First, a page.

The ink is dry and the shovels are almost in the ground to start construction on Umicore’s battery materials factory in Loyalist, Ont.
Umicore is ready to begin construction on its $2.1-billion cathode active materials and precurser cathode active material factory in Loyalist, Ont., after the company finalized its deal with the federal government and the province of Ontario.
Construction is anticipated to begin this year at the Belgian-based company’s new plant. The plant will go into commission in 2025 and scale production in 2026, says Umicore.
“We’re well on our way to ensuring that Ontario is the EV battery and component maker for North America. We’re exactly where we need to be,” says Vic Fedeli, Minister of Economic Development, Job Creation and Trade, in an interview with Electric Autonomy.
“We started with the OEMs and solidifying EV plants there. We moved to batteries — solidified two major battery players. And, now, we’re looking at the six components. And this is the first: the cathode.”
In July 2022, Umicore first announced it had chosen the Township of Loyalist (just outside Kingston) as the site of its North American cathode active materials (CAM) and precurser-CAM (pCAM) factory.
It was an big win for Ontario at the time. Now, says Fedeli, it is a clear signal that the province’s supplier market for battery manufacturers is solidifying.
“We’re looking at companies in the other five sectors: anode, separator, copper foil, electrolyte and lithium hydroxide,” says Fedeli. “We’ve got one, two or more prospects in each of those six categories.”
Umicore’s plant is receiving financial support from both the federal and provincial governments, with each contributing up to $551.3 million and $424.6 million, respectively, for a total of as much as $1 billion.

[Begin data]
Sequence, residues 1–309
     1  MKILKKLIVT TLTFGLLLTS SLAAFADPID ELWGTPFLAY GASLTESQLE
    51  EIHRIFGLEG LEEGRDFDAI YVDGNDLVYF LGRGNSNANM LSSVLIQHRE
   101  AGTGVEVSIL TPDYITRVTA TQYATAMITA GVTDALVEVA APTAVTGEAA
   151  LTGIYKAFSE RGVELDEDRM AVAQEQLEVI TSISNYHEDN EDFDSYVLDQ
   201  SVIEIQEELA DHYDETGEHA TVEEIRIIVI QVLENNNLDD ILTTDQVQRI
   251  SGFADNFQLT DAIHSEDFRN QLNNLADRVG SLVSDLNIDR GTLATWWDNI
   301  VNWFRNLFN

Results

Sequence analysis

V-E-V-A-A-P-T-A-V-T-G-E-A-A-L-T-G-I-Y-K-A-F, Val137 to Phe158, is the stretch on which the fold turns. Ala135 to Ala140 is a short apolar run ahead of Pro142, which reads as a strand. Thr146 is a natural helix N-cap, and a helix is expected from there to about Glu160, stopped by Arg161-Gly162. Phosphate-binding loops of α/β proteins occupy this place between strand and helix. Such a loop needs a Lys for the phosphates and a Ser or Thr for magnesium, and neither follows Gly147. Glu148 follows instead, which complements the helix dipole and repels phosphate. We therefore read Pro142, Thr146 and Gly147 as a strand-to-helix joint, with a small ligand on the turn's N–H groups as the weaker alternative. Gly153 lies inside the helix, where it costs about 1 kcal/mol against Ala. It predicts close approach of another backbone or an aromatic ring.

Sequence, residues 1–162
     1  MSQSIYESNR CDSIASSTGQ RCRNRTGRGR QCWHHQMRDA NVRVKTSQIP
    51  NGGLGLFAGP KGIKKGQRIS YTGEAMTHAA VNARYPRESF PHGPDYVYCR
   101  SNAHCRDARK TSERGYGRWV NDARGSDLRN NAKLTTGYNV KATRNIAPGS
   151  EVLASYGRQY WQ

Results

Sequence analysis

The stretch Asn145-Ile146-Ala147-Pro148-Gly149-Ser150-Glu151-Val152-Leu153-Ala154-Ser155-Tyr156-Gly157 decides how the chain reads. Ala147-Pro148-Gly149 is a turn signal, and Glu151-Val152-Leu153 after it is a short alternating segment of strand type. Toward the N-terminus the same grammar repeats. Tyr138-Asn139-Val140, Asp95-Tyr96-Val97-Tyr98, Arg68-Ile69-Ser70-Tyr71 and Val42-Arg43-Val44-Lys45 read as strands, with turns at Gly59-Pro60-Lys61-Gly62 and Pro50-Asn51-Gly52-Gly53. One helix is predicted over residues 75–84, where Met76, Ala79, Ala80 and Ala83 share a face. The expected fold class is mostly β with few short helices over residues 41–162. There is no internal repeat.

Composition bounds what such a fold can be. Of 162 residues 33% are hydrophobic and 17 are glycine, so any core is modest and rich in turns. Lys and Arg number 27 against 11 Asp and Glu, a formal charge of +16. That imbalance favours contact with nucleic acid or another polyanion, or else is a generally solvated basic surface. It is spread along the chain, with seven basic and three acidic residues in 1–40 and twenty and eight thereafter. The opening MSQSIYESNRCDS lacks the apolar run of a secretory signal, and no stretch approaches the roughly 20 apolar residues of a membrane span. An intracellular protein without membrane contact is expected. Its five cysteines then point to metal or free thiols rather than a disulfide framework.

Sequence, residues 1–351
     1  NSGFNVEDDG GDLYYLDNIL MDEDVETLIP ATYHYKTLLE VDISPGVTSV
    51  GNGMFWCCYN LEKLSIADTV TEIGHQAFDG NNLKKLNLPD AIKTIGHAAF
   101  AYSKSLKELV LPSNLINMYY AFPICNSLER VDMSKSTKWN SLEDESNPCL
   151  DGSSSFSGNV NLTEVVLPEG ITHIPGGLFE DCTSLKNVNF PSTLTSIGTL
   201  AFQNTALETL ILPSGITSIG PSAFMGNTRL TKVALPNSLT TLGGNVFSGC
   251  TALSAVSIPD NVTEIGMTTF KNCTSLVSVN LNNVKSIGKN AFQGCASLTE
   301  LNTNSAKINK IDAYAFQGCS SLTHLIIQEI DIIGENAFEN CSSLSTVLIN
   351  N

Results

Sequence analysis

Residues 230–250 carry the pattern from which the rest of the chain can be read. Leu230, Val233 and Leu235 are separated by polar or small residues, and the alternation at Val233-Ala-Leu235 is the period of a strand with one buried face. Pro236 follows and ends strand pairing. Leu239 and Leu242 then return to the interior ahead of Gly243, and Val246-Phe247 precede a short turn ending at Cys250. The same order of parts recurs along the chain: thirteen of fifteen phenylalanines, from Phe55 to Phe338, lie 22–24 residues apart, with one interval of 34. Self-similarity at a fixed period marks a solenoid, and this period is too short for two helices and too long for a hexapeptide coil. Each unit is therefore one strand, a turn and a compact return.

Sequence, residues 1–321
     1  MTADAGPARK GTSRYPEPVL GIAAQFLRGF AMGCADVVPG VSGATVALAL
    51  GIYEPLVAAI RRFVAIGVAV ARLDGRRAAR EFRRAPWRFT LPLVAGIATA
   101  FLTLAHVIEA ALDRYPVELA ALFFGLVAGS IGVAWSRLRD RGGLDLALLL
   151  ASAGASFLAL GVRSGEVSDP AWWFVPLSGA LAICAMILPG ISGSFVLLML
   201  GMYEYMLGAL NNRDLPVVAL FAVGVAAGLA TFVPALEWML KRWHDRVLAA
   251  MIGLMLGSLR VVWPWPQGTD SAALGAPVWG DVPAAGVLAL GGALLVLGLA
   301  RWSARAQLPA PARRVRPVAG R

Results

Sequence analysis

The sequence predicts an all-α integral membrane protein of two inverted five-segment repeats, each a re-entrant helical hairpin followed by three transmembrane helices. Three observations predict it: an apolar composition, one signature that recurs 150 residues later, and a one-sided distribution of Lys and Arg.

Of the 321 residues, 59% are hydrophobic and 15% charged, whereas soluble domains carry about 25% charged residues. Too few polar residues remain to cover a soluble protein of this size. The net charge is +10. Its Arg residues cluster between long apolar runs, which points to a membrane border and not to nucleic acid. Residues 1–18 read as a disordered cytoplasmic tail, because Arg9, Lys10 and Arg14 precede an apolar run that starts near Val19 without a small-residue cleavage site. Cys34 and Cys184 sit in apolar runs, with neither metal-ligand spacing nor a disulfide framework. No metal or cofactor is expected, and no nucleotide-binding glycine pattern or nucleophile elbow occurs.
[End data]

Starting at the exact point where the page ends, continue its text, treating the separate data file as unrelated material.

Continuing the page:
Finite window of opportunity
The Umicore plant’s output is expected to be 35 GWh in its first phase. According to today’s press release, the facility will produce cathode active and precursor materials on for EV and battery producers in Canada and the United States.
Today Umicore also announced it has its first customer in AESC, a high-performance battery developer. The two companies signed a 10-year agreement for Umicore to supply AESC with high-nickel battery materials for the U.S. factory. One of the automakers that AESC supplies is BMW.
Umicore also has an agreement to explore supplying Volkswagen’s battery subsidiary PowerCo, which is building a battery cell factory in St. Thomas, Ont.
“We are committed to being a reliable transformation partner for the automotive and battery industry and a trustworthy neighbor for the communities in Ontario,” said Mathias Miedreich, CEO of Umicore in a press release.
Umicore’s partnerships are an example of the industry consolidating and, Fedeli believes, speak to an imminent wider trend.
“I’ve always said that we won’t be having these [factory] discussions in a year from now because everybody will have found a dance partner,” says Fedeli.
“We knew that the EV door was open and would be open for a limited time. They’ve got to get into production.”
Fedeli is confident that Ontario will be a popular jurisdiction for EV battery supply companies to be.
So, the next phase of the dance is making sure the talent is there.
Discussing the topic of cultivating the talent pipeline brings Fedeli back to Umicore.
As part Umicore’s plan to open its factory, the company is also offering 700 co-op positions in four-month terms. These positions will be available until the end of 2029. To date, this is a unique offering from a battery supplier in Canada.
It’s a win-win strategic approach to developing a talent pipeline, believes Fedeli, and one that other supply chain players in Ontario could take note of.
“That’s a really great program. At full production they’ll also employ an average of a dozen co-op students,” says Fedeli.
“I think it’s a great model to follow. It’s how we’re going to keep the students and graduates interested in the field.”